David Cameron’s promise of an in-out referendum on Britain’s membership of the European Union by the end of 2017 has been described by some as a bold move.
Others complain it has created an air of uncertainty that will damage the economy as it drags on over the next few years.
Certainly the Prime Minister and Witney MP’s words have injected more urgency into the debate about whether the UK should stay or go.
We export about £150bn worth of goods to the EU and as many as 3.5m workers are in some way dependent on the single economy, so the stakes are incredibly high.
Here in Oxfordshire, one of the biggest employers is German-owned BMW and many of our most successful companies have strong trading and employment links with Europe.
Euro-sceptics claim that we could leave while still maintaining something like our current close trading links with the EU, along the lines of Iceland, Liechtenstein, Norway and Switzerland, who make up the European Free Trade Association (EFTA).
Oxford-based South-East MEP Catherine Bearder dismisses the idea that Britain could thrive under such an arrangement as “a nonsense”.
She says the BRIC countries, the emerging powerhouse economies of Brazil, Russia, India and China, want to trade with the EU, rather than setting up complicated agreements with individual European countries.
She pointed out: “The EU is still the largest market on the planet, bigger than America, bigger than everywhere else.
“Half a billion people live in the European Union. BRIC countries want to trade with us and do the trade deal with the European Union.
“If the UK was outside the EU, companies would say ‘why should I invest in the UK? I would much rather invest where the market is, where I have a free market and access to all the countries and all the consumers’.”
She warns that even if we quit the EU, we would still have to conform to EU standards and regulations in order to continue trading with it.
She added: “We would have to conform and yet we would have no voice in that decision on setting on the rules.
“We would be marginalised, it would be more expensive and we wouldn’t be able to have our voice around the table.”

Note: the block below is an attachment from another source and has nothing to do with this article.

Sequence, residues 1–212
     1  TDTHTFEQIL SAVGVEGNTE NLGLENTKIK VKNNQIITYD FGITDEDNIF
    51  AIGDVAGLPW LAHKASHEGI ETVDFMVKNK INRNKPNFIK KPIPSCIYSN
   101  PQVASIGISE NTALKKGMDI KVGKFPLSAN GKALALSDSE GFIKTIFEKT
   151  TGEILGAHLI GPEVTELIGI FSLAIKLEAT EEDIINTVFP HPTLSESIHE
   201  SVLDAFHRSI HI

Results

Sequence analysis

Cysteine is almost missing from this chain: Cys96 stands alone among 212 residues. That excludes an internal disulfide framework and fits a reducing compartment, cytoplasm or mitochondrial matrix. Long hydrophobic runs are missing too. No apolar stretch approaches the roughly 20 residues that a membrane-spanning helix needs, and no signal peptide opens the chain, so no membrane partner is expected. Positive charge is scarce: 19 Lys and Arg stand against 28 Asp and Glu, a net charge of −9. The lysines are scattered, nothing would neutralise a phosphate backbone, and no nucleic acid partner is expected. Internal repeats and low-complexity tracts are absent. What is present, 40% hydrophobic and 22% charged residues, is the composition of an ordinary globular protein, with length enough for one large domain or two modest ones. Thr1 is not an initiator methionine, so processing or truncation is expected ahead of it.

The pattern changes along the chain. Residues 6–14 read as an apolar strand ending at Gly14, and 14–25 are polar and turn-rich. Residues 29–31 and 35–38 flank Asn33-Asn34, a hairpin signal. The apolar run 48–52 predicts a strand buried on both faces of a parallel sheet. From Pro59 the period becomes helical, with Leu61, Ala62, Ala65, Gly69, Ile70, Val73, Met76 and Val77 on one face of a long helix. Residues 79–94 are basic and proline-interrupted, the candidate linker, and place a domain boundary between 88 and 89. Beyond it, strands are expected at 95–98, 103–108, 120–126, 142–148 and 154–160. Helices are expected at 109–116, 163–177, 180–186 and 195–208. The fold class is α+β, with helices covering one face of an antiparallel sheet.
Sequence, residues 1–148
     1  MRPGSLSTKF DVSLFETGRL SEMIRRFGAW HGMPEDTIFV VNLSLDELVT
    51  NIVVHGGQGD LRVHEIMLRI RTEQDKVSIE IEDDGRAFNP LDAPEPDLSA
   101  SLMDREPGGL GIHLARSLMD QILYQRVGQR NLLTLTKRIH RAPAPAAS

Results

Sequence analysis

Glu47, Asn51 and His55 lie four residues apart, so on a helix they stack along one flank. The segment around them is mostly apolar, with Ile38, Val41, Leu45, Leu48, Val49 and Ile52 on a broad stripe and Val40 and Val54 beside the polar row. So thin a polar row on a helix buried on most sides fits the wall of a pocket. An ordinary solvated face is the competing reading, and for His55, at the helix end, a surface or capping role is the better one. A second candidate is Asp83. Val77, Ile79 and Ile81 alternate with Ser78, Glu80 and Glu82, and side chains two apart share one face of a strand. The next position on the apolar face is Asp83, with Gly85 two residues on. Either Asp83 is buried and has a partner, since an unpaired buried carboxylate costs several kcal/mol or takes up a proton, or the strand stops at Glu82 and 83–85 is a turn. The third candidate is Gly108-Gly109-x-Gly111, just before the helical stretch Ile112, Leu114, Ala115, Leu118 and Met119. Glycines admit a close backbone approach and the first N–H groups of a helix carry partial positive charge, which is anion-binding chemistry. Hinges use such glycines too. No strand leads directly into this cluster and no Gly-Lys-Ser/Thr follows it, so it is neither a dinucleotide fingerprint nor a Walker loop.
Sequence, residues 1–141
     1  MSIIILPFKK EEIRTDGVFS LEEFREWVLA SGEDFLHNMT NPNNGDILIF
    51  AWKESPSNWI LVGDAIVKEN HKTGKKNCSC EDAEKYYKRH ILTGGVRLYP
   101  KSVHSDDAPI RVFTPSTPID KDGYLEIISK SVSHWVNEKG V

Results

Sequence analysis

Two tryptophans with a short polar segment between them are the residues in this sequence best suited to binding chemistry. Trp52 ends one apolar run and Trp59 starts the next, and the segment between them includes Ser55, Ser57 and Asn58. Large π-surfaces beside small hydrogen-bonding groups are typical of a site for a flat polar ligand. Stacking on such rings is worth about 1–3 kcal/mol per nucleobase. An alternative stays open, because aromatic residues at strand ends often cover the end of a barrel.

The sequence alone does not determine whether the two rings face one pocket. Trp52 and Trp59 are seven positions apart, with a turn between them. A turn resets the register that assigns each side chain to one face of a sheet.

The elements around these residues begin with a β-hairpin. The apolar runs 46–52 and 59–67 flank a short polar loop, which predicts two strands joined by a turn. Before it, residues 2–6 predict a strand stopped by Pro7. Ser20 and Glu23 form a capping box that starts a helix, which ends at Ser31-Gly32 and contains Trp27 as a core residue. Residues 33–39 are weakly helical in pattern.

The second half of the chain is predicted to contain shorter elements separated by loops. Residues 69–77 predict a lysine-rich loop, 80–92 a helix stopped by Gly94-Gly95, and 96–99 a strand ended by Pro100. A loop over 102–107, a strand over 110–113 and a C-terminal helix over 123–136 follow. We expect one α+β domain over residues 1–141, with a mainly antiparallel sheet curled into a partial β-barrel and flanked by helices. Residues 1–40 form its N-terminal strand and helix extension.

Banbury-based Norbar Torque Tools won the export category at the Oxfordshire Business Awards last year and has won the Queen’s Award for Export Achievement.
It exports 75 per cent of its output and has offices in India, China, Singapore, the USA, Australia and New Zealand.
Sales and marketing director Philip Brodey is convinced Britain needs to stay a full member of the EU.
He says the EU (not including the UK) accounts for 33 per cent of sales and is integral to future growth.
Mr Brodey cites the benefits of trading with Europe as being ease of transport and no duties or trade barriers, thanks to our EU membership.
He said: “Business in the EU is easier to access than in Asia where the cost of doing business is much greater because of travelling costs, substantial duties in some countries and hotel accommodation.
“If we pulled out of Europe and did not continue to have that benefit of ease of documentation and low cost of moving goods through Europe, that would put us at a distinct disadvantage. And if doing business with the UK became more complicated for other countries because we were not part of the EU, it could put at risk several millions of pounds of business.”
Hi-tech engineering firm Oxford Instruments generates a third of its turnover through sales to Europe, with the other two thirds being evenly split between Asia and north America.
It has just invested in opening a subsidiary in Mumbai and has a director focused solely on developing trade with the BRIC countries.
But spokesman Lynn Shepherd points out it also has strong links with Europe, having acquired several companies in Germany during the past five years and at least 250 of its employees are based there.
Under EU membership rules, UK nationals can live and work in any EU country and there are around 2.2m people who take advantage of this, half of them living in Spain.
Euro MP Ms Bearder says the clamour for a referendum is growing and she believes there will be one, regardless of whether or not David Cameron wins the next election.
She said: “For me, pulling out of the EU is about as sensible as somebody in Oxfordshire saying ‘I don’t like the way Westminster is run, I think Oxfordshire should pull out of Westminster’.”
“If you don’t like what is happening, then make it work better and that is what we are doing.”